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Battle of the Wills: Disputing an Estate

Dec 15, 2015
The recent case of a disputed Will called the ‘Ilott case’ hit the headlines. Mrs Ilott successfully brought a claim again the estate of her late mother, Mrs Jackson. 
Mrs Jackson and her daughter had been estranged for many years and Mrs Jackson had left all her estate under her Will to charity and had specifically said that she did not want her daughter to benefit. 

Has the Ilott case changed the law?
It has been possible for certain categories of people to bring claims against the estate under the Inheritance (Provision for Family and Dependants) Act 1975. Under the provisions of that Act the court can consider whether the terms of the Will make reasonable financial provision for the person bringing the claim and sets out various factors which should be weighed up. 

Historically it has been very difficult for a child of working age to bring a claim even if they really needed the money; they had to show that there was a special reason bearing in mind the factors set out in the Act. Accordingly each case will depend upon the facts but it is probable that this case will make it easier for adult children to make claims. 

What were the ‘special factors’ in this case?
In this case Mrs Ilott and her family clearly had significant needs and so the court concluded that her moral claim was such that Mrs Jackson should have made some financial provision for her. Another key factor was that Mrs Jackson had acted in a manner which was clearly ‘unreasonable, capricious and harsh’. If it could be shown that Mrs Jackson’s main motivation was to benefit the charities (e.g. if she regularly made contributions to them) rather than simply to disinherit Mrs Ilott then, again, maybe the outcome would be different.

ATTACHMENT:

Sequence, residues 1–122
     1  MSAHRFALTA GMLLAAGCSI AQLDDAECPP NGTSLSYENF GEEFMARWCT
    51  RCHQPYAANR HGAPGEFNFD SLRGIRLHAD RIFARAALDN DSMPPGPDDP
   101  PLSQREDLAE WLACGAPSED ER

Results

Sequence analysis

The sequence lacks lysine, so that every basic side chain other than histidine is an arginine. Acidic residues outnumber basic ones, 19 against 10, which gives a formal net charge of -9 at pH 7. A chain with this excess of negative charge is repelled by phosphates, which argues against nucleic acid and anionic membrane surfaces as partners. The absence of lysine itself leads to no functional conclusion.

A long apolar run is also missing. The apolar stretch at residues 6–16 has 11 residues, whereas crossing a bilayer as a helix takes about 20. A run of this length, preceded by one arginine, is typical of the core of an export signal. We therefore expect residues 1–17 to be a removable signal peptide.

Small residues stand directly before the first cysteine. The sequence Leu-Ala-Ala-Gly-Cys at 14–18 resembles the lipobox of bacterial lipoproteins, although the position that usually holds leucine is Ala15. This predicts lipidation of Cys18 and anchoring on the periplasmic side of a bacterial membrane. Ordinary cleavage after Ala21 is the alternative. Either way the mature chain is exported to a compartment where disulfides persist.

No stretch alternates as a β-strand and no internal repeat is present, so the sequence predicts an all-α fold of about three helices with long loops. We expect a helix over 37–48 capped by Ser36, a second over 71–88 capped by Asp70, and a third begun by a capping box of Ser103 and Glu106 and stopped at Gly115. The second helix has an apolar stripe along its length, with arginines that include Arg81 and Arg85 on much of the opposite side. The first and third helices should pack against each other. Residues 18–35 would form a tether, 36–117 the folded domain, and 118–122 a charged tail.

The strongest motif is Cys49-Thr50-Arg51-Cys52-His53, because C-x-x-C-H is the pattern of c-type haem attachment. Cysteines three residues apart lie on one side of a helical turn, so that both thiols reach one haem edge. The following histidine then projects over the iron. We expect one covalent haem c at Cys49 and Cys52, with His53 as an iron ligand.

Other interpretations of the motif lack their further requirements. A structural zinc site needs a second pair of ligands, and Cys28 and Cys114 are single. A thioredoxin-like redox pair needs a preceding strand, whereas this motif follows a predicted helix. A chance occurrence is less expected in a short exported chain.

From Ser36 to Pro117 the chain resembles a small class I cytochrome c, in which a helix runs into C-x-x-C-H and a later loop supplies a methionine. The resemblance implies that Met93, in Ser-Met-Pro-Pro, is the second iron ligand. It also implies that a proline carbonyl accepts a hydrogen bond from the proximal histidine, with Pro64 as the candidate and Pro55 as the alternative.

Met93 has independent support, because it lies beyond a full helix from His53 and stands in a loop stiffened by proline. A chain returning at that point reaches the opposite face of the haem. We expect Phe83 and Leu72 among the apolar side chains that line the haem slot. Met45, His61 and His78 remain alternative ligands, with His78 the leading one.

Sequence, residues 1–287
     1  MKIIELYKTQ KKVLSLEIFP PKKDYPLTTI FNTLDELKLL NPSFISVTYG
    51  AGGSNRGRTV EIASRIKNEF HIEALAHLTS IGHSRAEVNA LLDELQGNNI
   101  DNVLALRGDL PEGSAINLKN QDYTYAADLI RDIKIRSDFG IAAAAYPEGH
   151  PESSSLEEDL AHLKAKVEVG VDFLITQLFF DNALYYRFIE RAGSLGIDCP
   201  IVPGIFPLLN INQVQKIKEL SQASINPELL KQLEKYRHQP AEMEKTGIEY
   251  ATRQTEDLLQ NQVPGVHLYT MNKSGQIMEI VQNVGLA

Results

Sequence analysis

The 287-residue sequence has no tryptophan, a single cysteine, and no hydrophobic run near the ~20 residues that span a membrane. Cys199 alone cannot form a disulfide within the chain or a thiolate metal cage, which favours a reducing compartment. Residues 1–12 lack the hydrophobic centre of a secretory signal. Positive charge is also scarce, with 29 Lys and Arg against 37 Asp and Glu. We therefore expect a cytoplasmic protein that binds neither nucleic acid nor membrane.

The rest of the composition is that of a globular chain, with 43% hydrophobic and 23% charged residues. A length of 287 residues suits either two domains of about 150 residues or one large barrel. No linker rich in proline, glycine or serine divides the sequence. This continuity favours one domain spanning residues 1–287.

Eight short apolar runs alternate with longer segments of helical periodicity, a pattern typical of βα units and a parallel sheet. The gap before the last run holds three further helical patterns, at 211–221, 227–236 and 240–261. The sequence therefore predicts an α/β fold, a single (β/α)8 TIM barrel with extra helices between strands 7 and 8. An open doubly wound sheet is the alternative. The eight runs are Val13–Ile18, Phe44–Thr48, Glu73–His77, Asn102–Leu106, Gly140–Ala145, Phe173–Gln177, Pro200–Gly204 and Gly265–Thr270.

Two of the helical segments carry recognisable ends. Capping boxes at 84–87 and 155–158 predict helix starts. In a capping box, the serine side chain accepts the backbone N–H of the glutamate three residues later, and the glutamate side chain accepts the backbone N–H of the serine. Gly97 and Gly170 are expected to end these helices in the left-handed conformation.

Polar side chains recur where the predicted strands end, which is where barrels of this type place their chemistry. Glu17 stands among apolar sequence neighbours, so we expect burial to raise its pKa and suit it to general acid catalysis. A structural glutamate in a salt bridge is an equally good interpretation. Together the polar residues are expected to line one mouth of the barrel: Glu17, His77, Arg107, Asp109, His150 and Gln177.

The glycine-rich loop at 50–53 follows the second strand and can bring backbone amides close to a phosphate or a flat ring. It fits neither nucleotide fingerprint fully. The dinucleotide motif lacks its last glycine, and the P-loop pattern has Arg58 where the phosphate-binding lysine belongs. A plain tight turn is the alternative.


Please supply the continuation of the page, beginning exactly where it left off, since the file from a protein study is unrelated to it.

Does the new case mean that I can’t do what I like in my Will?
The principle that a person can leave their estate to the people they want remains but this case does mean that it is important to take advice from an expert. If you want to disinherit an adult child then your solicitor will consider with you the claims they may have, and may advise you to prepare a statement to be kept with the Will to assist in the event of a claim. It is not just the Will itself which is important but the advice you receive when the Will is made; a solicitor will do a detailed file note of this and this will be kept by them indefinitely. This should be reviewed on a regular basis in case the situation of the child changes and their needs increase (e.g. if they suffer an illness, bereavement or redundancy).

Sarah Lockyer

About the author

Sarah Lockyer

Sarah has over 25 years' legal experience in advising a wide range of clients on Wills, inheritance tax planning, trusts, elderly client work and the ...

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